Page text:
Italian Orange tastes very sweet, and there’s a very slight bit of pith at the end, especially if you swish it around your mouth. Not that you would probably do that, unless you were tasting it.  It is A LOT sweeter than the others, so I don’t think it can really be a substitute for Campari or Aperol in the same ratios in non-alcoholic classic cocktails. However, perhaps with the right combination of flavors, you can get something similar. 

What makes Aperol and Campari so bitter? The recipes for these two Italian aperitifs are extremely guarded. Campari is likely bitter from the use of Chinotto citrus fruit, which is bitter and sour. Interestingly, Campari used carmine dye from cochineal insects, and that dye was responsible for Campari’s dark color, but in 2006, they started using artificial coloring.

Aperol gets its bitterness from the combination of herbs, fruit and plants like rhubarb, gentian, and cinchona. Italian Orange seems to get its bitterness from the bitter orange flavoring and artificial coloring.

As for the nutrition facts, compared to the calories in Campari and Aperol, Italian Orange has fewer. In a 2oz serving, Italian Orange has roughly 46 calories. For the same serving size, Campari has about 160 calories and Aperol has 63 calories. Lyre’s Italian Orange isn’t the lowest calorie non-alcoholic spirit I’ve tasted, but it still has less calories than is usually in alcohol.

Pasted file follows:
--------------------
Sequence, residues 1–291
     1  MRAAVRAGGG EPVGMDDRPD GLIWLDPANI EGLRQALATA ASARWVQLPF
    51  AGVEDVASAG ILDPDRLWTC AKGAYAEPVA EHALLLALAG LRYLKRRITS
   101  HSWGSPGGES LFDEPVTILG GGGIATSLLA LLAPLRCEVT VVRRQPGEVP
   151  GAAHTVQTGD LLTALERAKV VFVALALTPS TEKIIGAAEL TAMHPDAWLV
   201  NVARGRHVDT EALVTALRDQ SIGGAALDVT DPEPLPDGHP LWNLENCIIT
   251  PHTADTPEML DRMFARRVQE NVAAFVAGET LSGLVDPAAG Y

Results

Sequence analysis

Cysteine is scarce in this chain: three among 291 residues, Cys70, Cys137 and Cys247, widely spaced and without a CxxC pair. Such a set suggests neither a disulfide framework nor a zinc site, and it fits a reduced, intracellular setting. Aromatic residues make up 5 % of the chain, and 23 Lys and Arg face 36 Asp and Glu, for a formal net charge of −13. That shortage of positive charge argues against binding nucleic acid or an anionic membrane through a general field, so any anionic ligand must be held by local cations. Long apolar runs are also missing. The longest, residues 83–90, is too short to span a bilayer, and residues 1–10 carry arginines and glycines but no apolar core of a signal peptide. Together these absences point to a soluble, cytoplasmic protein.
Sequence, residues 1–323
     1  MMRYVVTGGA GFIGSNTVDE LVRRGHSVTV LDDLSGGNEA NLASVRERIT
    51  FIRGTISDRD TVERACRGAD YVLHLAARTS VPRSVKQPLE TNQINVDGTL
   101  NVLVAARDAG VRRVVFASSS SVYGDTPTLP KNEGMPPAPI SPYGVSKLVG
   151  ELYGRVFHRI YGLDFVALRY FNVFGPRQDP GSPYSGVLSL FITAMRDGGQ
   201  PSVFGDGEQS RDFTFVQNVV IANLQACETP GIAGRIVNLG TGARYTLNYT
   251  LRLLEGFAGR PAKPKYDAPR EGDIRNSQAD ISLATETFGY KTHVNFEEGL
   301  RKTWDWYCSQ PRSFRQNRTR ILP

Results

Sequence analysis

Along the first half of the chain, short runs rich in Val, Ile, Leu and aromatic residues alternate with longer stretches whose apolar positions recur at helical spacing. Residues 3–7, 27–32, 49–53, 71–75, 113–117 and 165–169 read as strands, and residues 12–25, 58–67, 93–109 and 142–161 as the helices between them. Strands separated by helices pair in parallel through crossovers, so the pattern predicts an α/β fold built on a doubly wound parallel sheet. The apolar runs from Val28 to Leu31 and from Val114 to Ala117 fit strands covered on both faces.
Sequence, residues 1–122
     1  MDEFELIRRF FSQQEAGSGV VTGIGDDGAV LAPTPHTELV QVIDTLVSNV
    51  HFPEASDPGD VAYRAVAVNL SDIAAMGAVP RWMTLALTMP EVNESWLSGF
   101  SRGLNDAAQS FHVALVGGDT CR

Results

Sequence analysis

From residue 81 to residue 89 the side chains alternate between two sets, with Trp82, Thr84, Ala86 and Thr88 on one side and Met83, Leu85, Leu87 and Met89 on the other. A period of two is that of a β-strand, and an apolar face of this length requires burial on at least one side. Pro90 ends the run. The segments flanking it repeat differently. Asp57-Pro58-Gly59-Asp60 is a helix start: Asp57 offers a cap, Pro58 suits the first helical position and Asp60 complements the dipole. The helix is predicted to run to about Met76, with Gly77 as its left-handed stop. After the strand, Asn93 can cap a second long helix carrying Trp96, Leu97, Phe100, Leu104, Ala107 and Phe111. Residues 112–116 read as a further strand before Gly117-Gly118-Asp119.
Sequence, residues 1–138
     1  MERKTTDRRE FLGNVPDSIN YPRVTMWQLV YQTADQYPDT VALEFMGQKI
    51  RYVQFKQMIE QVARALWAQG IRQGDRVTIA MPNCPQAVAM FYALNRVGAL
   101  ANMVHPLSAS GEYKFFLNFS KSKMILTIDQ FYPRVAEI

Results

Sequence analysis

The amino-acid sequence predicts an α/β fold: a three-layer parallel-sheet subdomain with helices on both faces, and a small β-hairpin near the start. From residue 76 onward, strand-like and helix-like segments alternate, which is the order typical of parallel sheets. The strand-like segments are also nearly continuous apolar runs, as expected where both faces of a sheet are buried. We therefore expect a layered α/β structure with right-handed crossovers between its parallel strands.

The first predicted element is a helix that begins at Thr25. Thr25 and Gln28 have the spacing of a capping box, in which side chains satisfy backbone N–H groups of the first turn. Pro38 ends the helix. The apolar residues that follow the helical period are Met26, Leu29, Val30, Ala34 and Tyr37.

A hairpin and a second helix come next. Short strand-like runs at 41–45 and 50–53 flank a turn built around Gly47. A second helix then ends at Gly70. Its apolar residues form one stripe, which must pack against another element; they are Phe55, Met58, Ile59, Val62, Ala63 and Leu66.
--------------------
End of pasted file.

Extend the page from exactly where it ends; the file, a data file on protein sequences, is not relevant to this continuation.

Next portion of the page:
Traditionally, an Aperol Spritz is made with prosecco, Aperol, and club soda, with an orange or grapefruit garnish. Aperol was created in 1919 in Padova, Italy, but the Aperol Spritz slowly grew in popularity over time. At one point, the company began marketing it as a healthy choice for people to stay lean and fit! It takes me to afternoons in Italy every. time. If you haven’t had the opportunity to go to Italy, just have an Aperol Spritz. Same same! 

I love an Aperol Spritz, and I really want to find a great substitute for one of the best non alcoholic Italian drinks there is. After tasting the Italian Orange and Tonic, I felt something was missing, so I wanted to experiment a little more.

First, using the orange + tonic as a base, I added verjus, which made it too sweet. Then I topped it off with club soda to make it more bubbly, and that just watered it down. I ended up with a large glass of sweet water…

Then, I started over, trying to make a non-alcoholic prosecco from verjus and club soda to use as the base. Then I layered in Italian Orange. That still didn’t hit it. So…For now, the closest thing to a non alcoholic Aperol Spritz is Lyre’s Italian Orange and Tonic. Add an orange wheel and you’re ready for aperitivo!